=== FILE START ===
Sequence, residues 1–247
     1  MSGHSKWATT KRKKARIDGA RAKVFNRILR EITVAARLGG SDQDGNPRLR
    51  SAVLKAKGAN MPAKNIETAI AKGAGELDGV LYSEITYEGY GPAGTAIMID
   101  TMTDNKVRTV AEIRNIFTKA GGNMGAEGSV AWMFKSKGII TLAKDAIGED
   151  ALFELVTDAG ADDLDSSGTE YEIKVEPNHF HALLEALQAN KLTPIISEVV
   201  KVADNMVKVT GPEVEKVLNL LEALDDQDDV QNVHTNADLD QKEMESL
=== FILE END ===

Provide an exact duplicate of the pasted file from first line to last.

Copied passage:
Sequence, residues 1–247
     1  MSGHSKWATT KRKKARIDGA RAKVFNRILR EITVAARLGG SDQDGNPRLR
    51  SAVLKAKGAN MPAKNIETAI AKGAGELDGV LYSEITYEGY GPAGTAIMID
   101  TMTDNKVRTV AEIRNIFTKA GGNMGAEGSV AWMFKSKGII TLAKDAIGED
   151  ALFELVTDAG ADDLDSSGTE YEIKVEPNHF HALLEALQAN KLTPIISEVV
   201  KVADNMVKVT GPEVEKVLNL LEALDDQDDV QNVHTNADLD QKEMESL